Meditation on This Sunday's Gospel
by Kristin Berkey-Abbott
The readings for Sunday, October 2, 2011:
First Reading: Isaiah 5:1-7
First Reading (Semi-cont.): Exodus 20:1-4, 7-9, 12-20
Psalm: Psalm 80:7-14 (Psalm 80:7-15 NRSV)
Psalm (Semi-cont.): Psalm 19
Second Reading: Philippians 3:4b-14
Gospel: Matthew 21:33-46
Today's Gospel contains a parable that clearly tells the story of Christ, in the vineyard owner's son, who is killed by the tenants. I suspect that when modern readers, many of whom own property, read this lesson, they identify with the vineyard owner far more than they do with the tenants. But what would happen if we thought about ourselves as the tenants?
Notice how the tenants are so stuck in their self-destructive ways that they can't change. Now, as we settle into the season of autumn, as we race towards the end of the liturgical year, it might be useful to do some self-evaluation. What are our habits that get in the way of us living as the people of God? By now, you might despair to realize that these are the same patterns you've wrestled with before. But take heart. As you continue to attempt to make changes and go astray, each time you try to get back to a more wholesome way of living, it should take less time to make the necessary adjustments.
The Gospels that we've been reading give us reassurance that we can go astray, and God will still welcome us back. Now all this talk of going astray may not be the most useful image for us. Many of us have grown up in churches that berated us with talk of sin and tried to make us change by making us feel ashamed. We live in a toxic culture that tells us that we're not doing enough, not earning enough, not buying the right stuff. Many of us spend our days with voices in our head telling us those same messages. Who wants to come to church to hear the same thing? We've tried, we've failed, we know, we get it.
The danger is that we might quit trying to live the life that God envisions for us. God doesn't want us to live the way we've been living. Many of us might agree--we don't want to be living these lives.
So take a different approach. What would a healthier life look like? What would a God-centered life look like? How would it feel?
We'll probably each have different answers to those questions. For some of us, a God-centered life would mean that we could let go of our anger; we could quit judging everyone and accept them with love. For some of us, a God-centered life would mean we could quit trying to fill the holes in our hearts with other substitutes that don't quite work: food, alcohol, sex, drugs, approval, exercise, work. For some of us, a God-centered life means that we don't order our lives around the quest for money, but instead we work for justice.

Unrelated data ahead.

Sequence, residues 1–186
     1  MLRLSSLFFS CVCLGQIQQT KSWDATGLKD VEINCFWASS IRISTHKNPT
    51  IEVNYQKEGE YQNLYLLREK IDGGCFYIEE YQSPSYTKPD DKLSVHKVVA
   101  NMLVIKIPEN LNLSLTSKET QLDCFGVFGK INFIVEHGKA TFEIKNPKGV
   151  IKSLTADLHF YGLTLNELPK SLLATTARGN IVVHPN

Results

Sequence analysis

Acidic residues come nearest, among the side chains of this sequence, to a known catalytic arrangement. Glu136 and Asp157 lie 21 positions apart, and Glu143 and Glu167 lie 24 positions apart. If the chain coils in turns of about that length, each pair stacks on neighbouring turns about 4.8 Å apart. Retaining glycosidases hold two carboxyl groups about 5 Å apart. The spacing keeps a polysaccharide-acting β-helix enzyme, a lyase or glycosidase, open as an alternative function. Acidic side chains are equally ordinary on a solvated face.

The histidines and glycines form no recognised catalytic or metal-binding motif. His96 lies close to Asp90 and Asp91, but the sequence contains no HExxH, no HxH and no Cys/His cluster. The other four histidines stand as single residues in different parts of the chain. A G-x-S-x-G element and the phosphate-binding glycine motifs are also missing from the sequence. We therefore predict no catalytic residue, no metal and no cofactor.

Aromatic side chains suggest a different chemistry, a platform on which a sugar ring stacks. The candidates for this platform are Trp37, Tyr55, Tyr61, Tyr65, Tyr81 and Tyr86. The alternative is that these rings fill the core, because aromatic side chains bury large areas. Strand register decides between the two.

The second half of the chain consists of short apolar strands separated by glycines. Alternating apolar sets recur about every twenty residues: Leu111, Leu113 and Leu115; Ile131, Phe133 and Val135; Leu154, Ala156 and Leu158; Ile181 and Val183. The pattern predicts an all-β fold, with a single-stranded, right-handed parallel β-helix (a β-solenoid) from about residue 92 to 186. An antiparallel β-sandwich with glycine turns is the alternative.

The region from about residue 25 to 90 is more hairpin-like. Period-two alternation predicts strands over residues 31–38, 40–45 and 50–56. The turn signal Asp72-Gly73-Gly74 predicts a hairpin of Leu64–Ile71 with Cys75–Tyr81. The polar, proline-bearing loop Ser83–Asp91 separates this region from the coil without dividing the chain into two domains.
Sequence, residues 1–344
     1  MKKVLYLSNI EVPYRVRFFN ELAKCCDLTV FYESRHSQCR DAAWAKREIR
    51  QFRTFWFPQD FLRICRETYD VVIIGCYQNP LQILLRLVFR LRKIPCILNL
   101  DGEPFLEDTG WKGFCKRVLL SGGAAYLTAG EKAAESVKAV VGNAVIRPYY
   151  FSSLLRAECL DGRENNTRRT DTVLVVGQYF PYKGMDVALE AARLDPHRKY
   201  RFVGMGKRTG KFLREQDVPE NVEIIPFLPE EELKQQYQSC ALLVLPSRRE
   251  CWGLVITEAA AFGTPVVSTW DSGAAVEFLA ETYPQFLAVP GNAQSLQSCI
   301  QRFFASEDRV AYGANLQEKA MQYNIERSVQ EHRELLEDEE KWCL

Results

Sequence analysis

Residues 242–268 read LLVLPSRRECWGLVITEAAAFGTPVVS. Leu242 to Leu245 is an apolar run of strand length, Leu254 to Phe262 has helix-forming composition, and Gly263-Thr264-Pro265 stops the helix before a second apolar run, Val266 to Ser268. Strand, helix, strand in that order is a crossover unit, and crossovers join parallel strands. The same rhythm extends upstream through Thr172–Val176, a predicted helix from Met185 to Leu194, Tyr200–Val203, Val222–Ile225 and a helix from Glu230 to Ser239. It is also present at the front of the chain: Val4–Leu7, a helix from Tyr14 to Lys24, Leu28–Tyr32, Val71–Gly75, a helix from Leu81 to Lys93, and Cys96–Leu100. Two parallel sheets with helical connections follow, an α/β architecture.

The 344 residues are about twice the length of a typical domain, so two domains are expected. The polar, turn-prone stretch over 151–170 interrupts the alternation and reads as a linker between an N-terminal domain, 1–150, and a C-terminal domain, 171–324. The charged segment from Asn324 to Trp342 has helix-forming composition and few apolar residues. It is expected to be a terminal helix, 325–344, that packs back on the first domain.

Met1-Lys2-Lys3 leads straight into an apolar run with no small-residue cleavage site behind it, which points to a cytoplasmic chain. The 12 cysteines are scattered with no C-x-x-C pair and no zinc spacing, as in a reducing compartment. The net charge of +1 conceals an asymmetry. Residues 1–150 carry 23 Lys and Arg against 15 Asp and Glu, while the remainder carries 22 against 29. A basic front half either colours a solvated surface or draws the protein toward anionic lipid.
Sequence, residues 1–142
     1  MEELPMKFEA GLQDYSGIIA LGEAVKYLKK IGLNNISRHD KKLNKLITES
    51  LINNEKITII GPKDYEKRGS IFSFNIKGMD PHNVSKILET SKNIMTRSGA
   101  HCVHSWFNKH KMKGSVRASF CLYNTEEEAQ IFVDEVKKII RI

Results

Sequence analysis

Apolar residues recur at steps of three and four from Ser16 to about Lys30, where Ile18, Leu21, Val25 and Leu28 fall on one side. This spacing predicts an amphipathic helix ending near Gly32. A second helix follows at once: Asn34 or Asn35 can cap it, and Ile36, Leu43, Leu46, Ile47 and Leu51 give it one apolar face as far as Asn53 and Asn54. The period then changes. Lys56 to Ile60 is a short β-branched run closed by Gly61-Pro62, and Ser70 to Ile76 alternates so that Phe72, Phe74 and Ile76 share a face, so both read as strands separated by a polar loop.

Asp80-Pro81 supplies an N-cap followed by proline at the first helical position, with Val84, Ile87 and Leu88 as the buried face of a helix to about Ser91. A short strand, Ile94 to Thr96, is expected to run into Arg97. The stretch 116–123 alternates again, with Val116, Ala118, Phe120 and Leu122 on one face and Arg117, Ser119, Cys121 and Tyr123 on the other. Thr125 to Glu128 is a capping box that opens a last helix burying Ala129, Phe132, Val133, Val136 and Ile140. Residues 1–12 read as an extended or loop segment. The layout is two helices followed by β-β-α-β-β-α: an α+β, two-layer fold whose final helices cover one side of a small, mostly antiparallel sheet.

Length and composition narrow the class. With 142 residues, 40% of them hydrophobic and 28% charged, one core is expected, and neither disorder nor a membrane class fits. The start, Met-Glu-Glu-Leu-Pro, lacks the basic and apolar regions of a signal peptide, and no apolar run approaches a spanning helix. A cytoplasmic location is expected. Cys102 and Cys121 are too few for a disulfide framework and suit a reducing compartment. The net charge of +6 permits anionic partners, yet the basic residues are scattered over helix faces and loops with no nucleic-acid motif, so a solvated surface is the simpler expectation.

But again, as we focus on the end result we'd like to achieve, we must be careful not to get overwhelmed. It's a bit like starting a diet, when you know you have 50 pounds to lose. But if you make changes and stay with them consistently, and you keep orienting your choices towards that thinner person you'd like to be, in a year or two, you'll be amazed at the transformation.
So, start small. Take time to pray. Take time to read things that make you feel hopeful, instead of despairing. Take time to really listen to people, instead of trying to get done with that commitment so that you can rush on to the next one. Breathe deeply. Say thank you.
When you go astray, or when you feel your gifts have been trampled, take heart. Read the lessons again and think about the natural order of horticulture. The land must be cleared occasionally so that new growth can take place. God continues to call to us to work for the vision of the redeemed creation that God gives us.
Remember that God promises that no matter how far away you are from that vision, God will meet you more than half-way. If you're feeling like a rejected stone, remember that God has great plans for you. You can become the cornerstone that supports a building that you weren't even able to envision at an earlier point in your life.